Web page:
She says that BlueCube’s consistent steps forward and the help of her network has helped make the business successful, and it’s this combination of collaboration and persistence that is reshaping the entrepreneurial landscape and making it more inclusive.
“Attention on this issue will continue,” says Benner. “It may take some time, but someday it won’t be so novel for a female-founded company to go public or become a unicorn company.”
The Odele team remains focused on taking each step forward with purpose.
“We’re proud of the inclusivity of our brand, how we’re showing up in our communities, and the example we’re setting for our kids,” says Holden. “Every experience so far has led us here. We trust ourselves and our ability to surround ourselves with the right people, test, learn, iterate, and continue to succeed.”
Rosemary Ugboajah started Neka Creative in 2013 because she wanted to use her passion and expertise to build extraordinary brands. What began as project work for a few corporations evolved into a team of experts helping brands thrive with Inclusivity Marketing. Inclusivity Marketing is Neka Creative’s trademarked holistic approach of bringing different perspectives, histories, experiences, needs, and motivations together in one cohesive brand process.
As Neka Creative grew, Ugboajah felt she could use more business guidance and more connections. “Entrepreneurship can be very lonely,” says Ugboajah. “As you’re learning, you’re also trying to make a living. Building something from nothing can be isolating.”
Ugboajah first turned to the Metropolitan Economic Development Association (MEDA), an organization that provides business development services, access to capital, and corporate and governmental market support for BIPOC businesses with the potential to scale. At the recommendation of her MEDA counselor, Ugboajah joined a cohort of twelve business owners with Ascend Twin Cities. Ascend is a partnership initiative between JPMorgan Chase & Co., MEDA, and the Holmes Center for Entrepreneurship at the Carlson School that provides access to capital, market opportunities, and business education to BIPOC Entrepreneurs.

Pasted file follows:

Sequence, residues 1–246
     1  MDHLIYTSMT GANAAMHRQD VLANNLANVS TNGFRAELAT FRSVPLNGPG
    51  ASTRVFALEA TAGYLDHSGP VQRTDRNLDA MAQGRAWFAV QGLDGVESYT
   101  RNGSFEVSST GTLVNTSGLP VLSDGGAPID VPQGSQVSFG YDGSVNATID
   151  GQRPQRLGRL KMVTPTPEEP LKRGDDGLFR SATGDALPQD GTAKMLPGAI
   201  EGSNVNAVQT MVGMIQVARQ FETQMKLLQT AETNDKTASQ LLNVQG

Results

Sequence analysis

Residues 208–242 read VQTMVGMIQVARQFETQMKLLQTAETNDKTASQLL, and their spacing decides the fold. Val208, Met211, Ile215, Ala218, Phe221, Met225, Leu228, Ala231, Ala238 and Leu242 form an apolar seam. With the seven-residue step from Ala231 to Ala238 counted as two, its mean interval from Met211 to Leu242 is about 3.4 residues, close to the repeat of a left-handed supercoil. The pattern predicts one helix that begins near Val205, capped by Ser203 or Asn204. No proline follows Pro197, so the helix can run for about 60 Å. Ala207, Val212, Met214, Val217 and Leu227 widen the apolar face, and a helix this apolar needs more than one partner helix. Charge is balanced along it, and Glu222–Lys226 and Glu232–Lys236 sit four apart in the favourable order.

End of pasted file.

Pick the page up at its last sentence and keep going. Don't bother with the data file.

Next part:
Ugboajah says the guidance she received through Ascend brought clarity for her business as she zeroed in on her target market and honed her strategy. But even more valuable, says Ugboajah, are the connections she made.
“The network of businesses we formed through Ascend is unique,” says Ugboajah, “We know each other’s aspirations and the barriers we are trying to overcome. We support each other and serve as resources for one another.”
Ugboajah’s positive experience with Ascend led her to expand her network even further.
“I realized I enjoyed being in a community with other business owners, so I joined a cohort of CEOs in my industry. Without my experience with Ascend, I probably wouldn’t have done that.”
“Entrepreneurship can be very lonely. As you’re learning, you’re also trying to make a living. Building something from nothing can be isolating.”
- ROSEMARY UGBOAJAH